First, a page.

Horse Race Journalism: Finding Election Coverage Beyond the Polling Numbers

Two jockeys racing horses with text "horse race journalism: finding election coverage beyond the polling numbers"

By Scott A. Leadingham

And … they’re off!

Those three words closely associated with horse racing could easily apply to political races in the United States.

Horse racing and elections both have intense coverage when the field is close early in the race, the stakes are high, and there’s lots of money involved.

U.S. elections, particularly for president, attract news coverage that lasts much longer than the Kentucky Derby. The 2024 presidential election effectively began two years earlier in November 2022, when Donald Trump announced he would seek the Republican nomination for a third time. When Hillary Clinton first ran for president, she announced her bid in January 2007, a full year before the first nominating contests and nearly two years before the general election.

In this post, we take a deep dive into horse race journalism. We explain what it is, provide examples, give resources to lean into — or avoid — horse race journalism, and more.

What is horse race journalism?

Whether you want national, state or local election coverage, it’s not hard to find news based on polling. Many news outlets conduct their own polls or contract with outside firms to gauge potential interest in candidates and issues, sometimes years before an election.

Coverage like this that relies on surveying potential voters gets the nickname horse race journalism.

Political polls have evolved in recent decades to account for the changing ways people communicate – with fewer phone landlines and people wary of answering calls on their cell phones from unrecognized numbers.

This newer reality has led to criticism about political polling and horse race journalism being unreliable or unhelpful. Critics of poll-based coverage often point to the 2016 election, when most polls showed Clinton would beat Trump. But Trump won the election. 2020 election results also caused polling firms to evaluate their methods since many national polls overestimated support for Democrats.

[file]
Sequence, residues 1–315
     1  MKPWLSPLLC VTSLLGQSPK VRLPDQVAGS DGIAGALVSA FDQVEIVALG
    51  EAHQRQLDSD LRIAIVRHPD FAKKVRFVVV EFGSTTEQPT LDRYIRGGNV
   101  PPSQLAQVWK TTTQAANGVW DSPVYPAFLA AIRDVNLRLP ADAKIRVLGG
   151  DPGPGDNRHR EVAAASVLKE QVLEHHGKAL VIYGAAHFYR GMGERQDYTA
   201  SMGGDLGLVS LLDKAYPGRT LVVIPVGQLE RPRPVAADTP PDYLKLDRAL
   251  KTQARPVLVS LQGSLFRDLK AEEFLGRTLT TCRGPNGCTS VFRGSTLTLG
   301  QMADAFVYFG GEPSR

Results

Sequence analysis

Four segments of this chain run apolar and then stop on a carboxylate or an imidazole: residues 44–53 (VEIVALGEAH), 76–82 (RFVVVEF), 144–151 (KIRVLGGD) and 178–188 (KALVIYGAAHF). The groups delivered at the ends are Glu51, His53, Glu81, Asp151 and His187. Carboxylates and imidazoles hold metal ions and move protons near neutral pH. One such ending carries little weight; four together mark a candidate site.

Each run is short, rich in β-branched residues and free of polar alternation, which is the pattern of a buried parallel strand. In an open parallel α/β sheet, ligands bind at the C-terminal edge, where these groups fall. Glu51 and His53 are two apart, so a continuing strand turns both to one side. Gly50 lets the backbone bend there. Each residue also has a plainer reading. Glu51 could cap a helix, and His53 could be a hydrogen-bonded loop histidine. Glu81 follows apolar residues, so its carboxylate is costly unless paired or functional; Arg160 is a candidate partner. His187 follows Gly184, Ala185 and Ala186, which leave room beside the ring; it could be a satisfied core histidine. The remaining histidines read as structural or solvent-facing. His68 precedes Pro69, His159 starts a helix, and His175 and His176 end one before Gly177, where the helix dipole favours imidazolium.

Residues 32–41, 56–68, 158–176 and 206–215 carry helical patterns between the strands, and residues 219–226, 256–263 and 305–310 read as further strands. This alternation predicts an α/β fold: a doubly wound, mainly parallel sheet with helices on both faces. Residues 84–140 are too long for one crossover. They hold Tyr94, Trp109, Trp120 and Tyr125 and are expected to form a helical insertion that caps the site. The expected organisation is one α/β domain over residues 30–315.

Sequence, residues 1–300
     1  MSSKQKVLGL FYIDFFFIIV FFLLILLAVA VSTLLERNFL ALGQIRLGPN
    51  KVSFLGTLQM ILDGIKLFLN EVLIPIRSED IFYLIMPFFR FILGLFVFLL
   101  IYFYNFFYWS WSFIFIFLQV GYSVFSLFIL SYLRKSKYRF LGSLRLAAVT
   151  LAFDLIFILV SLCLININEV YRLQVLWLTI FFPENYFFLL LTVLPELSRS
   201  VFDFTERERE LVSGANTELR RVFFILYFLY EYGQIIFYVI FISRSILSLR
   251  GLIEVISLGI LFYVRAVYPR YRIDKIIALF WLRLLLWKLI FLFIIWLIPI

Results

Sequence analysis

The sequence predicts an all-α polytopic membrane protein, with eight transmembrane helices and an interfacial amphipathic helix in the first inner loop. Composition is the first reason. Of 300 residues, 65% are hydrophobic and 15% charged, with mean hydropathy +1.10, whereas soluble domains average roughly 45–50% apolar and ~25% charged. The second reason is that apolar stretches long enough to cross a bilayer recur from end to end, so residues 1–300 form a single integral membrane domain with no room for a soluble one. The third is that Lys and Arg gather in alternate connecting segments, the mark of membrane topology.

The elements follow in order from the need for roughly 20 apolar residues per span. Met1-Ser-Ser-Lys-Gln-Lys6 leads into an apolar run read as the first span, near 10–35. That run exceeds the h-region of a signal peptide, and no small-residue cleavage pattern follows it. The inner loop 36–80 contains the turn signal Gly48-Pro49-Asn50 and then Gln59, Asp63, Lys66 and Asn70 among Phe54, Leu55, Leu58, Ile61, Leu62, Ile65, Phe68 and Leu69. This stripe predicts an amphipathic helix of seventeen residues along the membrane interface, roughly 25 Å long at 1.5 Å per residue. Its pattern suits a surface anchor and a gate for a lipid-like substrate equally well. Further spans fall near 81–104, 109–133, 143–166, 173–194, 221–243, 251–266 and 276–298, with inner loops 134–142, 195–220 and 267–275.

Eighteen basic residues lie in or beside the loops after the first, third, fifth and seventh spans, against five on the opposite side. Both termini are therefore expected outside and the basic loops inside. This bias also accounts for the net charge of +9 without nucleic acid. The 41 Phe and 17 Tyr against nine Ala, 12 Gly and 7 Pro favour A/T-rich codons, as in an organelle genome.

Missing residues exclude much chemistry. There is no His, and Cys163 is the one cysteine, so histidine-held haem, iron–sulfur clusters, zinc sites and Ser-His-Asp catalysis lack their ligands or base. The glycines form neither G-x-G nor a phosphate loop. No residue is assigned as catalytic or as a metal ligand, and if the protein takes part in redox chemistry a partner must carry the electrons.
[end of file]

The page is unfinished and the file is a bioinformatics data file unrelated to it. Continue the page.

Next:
Horse race journalism doesn’t only mean conducting and reporting on polls. More broadly, it’s a focus on the day-to-day ins-and-outs of campaigning: Who said what at a rally? Who posed for a photo with what group? Who posted what on social media and how did their opponent respond? Who “won” the debate or had the most “cringe” response to a question?

The race versus the stakes

Another way of covering elections focuses less on the race itself and more on the stakes. In other words: the outcomes of a candidate being elected and the policies they advocate for or against.

While criticisms of pre-election polls and journalists’ use of them have been around for decades, there has been a lot of recent discussion inside journalism circles about this race-versus-stakes dynamic.

Jay Rosen, New York University journalism professor and longtime press critic, is among the most prominent people who say news outlets need to do less horse race journalism and more coverage of the potential outcome.

“Not the odds, but the stakes,” Rosen wrote on X in March 2023. “That's my shorthand for the organizing principle we most need from journalists covering the 2024 election. Not who has what chances of winning, but the consequences for our democracy.”